Asylum posted on Vimeo

I’m very happy that the collaboration with Chris Petit, Asylum, has been posted on Vimeo. People have frequently asked about this, the third of our four films for Channel 4, and the most elusive. It’s the one we were most satisfied with (or least displeased). It feels like the right moment for the resurrection. Asylum was an essay on the edge of disintegration, in advance of global pandemics. It is about the loss of cultural memory and the fragmentation and distress of digital imagery. Mainly, it’s good to have glimpses of the writers who need to be remembered and valued: Ed Dorn, Michael Moorcock, James Sallis, Marina Warner. The film also draws deeply on the editing intelligence of Emma Matthews and the animations of Dave McKean.

Link to the video: https://vimeo.com/573635316/fb8400ca14

London Orbital posted on Vimeo.

In many ways this was the easiest ‘sell’ of the group. The book of the same title, written in parallel with the film, could be described in a single sentence: ‘A walk around London’s orbital motorway.’ London Orbital was the only one released (by Illuminations) as a DVD. It offered itself to academic usage and it fitted quite comfortably within the emerging discipline (or brand) of psychography. The narrative was about endless, the slow-cinema of pedestrianism, noticing everything, and the reverie and drift of driving without stopping.  The only exits being into 19th-century fantasy and horror.  The two Thames crossings, east and west, had their pull: Bram Stoker in Purfleet and JG Ballard in Shepperton. The DVD as a package had several advantages, as Chris Petit pointed out. One of the extra features covered the A13 exhibition at the Wapping Pumping Station – and exhibits that linked exploration of the Thames Estuary, its container dumps and landfill, with my great-grandfather’s surveys of an Amazonian tributary. It’s obvious now that my recent book, The Gold Machine, was germinating, like everything else, around the fringes of London. As I state in the book: “The jungle begins in London.”
 

ABANDONED GOODS – narrated by Iain Sinclair

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Abandoned Goods is a short essay film about the extraordinary collection of artworks created by patients detained in Netherne psychiatric hospital between 1946 and 1981. The artworks were created in a pioneering art studio in the hospital run by the artist Edward Adamson. Today around 5,500 pieces survive, assembled together as the Adamson Collection, one of the major bodies of British ‘asylum art’. The film is narrated by an unseen cataloguer, voiced by Iain Sinclair, who comments on key works in the Collection and provides glimpses into the lives of their creators. Blending archive, reconstruction, 35mm rostrum photography, interviews and observational footage, the film explores the transformation of the objects in the Adamson Collection, from clinical material to revered art objects, examining the lives of the creators and the changing contexts in which the objects were produced and displayed, to provide a moving impression of the unseen history of postwar asylum life in the UK.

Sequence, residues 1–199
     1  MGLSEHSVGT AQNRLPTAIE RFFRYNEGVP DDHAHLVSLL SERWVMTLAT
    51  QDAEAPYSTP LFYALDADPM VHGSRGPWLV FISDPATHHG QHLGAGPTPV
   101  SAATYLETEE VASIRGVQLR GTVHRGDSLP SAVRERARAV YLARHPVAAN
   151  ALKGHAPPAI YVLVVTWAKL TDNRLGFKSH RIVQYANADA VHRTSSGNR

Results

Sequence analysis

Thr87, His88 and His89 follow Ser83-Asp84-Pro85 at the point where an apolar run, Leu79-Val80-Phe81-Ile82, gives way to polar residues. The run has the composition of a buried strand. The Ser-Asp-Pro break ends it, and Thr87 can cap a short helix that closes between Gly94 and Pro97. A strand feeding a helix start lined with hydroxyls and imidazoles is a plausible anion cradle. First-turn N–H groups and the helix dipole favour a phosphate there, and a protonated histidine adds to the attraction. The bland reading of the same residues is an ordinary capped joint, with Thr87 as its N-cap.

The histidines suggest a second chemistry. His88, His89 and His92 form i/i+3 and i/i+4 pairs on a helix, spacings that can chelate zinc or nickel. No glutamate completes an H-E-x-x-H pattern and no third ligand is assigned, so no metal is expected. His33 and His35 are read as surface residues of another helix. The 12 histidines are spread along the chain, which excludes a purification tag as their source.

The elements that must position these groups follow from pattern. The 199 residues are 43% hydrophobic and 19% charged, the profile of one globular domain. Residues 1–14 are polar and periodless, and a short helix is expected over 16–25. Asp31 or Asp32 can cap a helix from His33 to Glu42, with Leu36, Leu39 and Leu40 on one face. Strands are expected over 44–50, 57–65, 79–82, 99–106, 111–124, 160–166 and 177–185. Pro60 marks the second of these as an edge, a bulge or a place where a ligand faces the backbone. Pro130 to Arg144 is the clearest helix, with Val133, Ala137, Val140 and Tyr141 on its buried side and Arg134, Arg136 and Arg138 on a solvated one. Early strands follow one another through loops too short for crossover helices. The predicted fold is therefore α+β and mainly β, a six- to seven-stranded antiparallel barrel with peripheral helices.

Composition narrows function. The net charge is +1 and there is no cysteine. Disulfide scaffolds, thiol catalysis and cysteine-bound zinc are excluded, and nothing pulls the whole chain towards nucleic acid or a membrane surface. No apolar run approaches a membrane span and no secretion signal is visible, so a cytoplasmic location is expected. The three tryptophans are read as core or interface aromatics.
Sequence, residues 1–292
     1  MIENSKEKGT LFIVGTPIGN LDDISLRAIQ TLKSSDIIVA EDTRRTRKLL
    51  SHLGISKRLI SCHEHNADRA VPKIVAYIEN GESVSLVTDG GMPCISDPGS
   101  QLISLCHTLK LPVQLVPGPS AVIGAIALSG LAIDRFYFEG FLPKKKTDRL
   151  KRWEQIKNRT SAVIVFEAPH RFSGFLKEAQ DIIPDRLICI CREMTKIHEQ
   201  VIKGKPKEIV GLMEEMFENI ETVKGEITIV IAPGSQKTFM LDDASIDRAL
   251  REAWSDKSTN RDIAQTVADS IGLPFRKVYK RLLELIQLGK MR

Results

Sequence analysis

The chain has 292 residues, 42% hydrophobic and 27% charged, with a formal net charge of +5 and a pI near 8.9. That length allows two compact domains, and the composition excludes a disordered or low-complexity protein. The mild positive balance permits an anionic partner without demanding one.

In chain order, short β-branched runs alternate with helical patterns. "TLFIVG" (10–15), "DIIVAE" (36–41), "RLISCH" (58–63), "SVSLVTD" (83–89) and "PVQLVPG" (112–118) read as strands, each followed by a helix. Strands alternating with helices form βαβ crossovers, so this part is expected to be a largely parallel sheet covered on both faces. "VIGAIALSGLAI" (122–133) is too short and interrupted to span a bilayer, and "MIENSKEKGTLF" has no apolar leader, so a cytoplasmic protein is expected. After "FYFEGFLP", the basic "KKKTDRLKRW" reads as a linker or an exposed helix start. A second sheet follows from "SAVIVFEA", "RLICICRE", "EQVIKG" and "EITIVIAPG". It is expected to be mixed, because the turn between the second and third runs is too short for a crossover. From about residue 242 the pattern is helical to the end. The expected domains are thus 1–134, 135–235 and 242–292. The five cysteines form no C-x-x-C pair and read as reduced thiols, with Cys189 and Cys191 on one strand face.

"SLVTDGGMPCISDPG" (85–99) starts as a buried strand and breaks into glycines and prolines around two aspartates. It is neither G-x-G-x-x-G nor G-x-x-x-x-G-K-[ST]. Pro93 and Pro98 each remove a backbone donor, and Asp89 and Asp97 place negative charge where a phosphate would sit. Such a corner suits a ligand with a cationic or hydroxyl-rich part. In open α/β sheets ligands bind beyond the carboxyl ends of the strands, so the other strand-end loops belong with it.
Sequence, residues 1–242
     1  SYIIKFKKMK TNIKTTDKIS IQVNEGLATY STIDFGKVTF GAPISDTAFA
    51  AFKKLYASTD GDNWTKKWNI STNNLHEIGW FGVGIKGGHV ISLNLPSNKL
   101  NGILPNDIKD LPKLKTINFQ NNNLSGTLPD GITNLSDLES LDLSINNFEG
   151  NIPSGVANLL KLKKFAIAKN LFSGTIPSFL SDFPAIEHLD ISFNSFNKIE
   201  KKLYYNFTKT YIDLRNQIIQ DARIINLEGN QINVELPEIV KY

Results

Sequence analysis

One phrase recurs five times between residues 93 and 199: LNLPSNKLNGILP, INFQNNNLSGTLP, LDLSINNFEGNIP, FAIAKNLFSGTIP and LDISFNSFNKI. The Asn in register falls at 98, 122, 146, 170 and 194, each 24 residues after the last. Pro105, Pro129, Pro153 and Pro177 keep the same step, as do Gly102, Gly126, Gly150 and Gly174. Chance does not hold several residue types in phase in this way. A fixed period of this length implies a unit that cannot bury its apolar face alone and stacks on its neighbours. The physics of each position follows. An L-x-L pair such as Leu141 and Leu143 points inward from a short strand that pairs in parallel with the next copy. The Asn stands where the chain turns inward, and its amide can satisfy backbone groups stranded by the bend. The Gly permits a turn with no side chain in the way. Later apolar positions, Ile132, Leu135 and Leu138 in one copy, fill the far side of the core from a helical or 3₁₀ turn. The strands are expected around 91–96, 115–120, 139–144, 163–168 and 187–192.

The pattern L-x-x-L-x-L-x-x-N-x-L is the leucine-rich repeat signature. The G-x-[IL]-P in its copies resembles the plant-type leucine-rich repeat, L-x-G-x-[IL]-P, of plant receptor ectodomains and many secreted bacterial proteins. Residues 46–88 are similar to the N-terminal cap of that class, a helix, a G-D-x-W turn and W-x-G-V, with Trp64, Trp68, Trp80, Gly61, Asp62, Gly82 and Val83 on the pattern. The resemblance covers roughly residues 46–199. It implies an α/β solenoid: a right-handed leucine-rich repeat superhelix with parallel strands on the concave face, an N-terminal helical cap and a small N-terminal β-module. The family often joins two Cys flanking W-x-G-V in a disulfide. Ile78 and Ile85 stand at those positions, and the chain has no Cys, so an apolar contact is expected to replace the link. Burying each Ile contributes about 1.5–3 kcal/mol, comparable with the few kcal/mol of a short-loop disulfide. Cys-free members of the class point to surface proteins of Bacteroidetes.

Abandoned Goods was made with the help of Dr David O’Flynn and the Adamson Collection Trust and the support of the Wellcome Trust and the Maudsley Charity.

Abandoned Goods has been selected for the Pardi di domani competition at Locarno Film Festival 6th-16th August 2014!

Link: http://flyfilm.co.uk/films/abandoned-goods.php

 

Iain Sinclair & Colin MacCabe Present: Le Mépris at the ICA

20 November 2013

£10 / £8 concessions / £7 ICA Members

A screening of Le Mépris for Iain Sinclair’s 70×70, a season of 70 films that have appeared in his novels to mark his 70th birthday, followed by a discussion between Sinclair and writer and film producer Colin MacCabe.

‘I remember seeing this one at the National Film Theatre on the night before I left London for the Mediterranean island of Gozo. Where I would correspond with William Burroughs and work on the script that was never made, The Face on the Fork. Godard’s film played in every way like a trailer. Like an art movie shot over the weekend as a real-estate brochure for a special property, the Villa Malaparte on Capri. (Another island film, from the series of women arriving, returning or disappearing: Bardot here, Lea Massari and Monica Vitti in L’avventura, Magnani in Vulcano, Ingrid Bergman in Stromboli. Capri also features in Rossellini’s Viaggio in Italia, a Godard favourite.) Le Mépris is a promo for Bardot as widescreen topography – while Godard thinks up something for her to do.

Continue reading Iain Sinclair & Colin MacCabe Present: Le Mépris at the ICA

70×70 at The White Building. 3 movies.

 

Iain Sinclair: 70 x 70 – John Smith Screening + Q and A

22/10/2013 7:00 pm – 9:15 pm

///BOOK HERE///

A specially curated screening by Iain Sinclair.

Iain Sinclair will be in conversation with filmmaker John Smith after the screening.

Continue reading 70×70 at The White Building. 3 movies.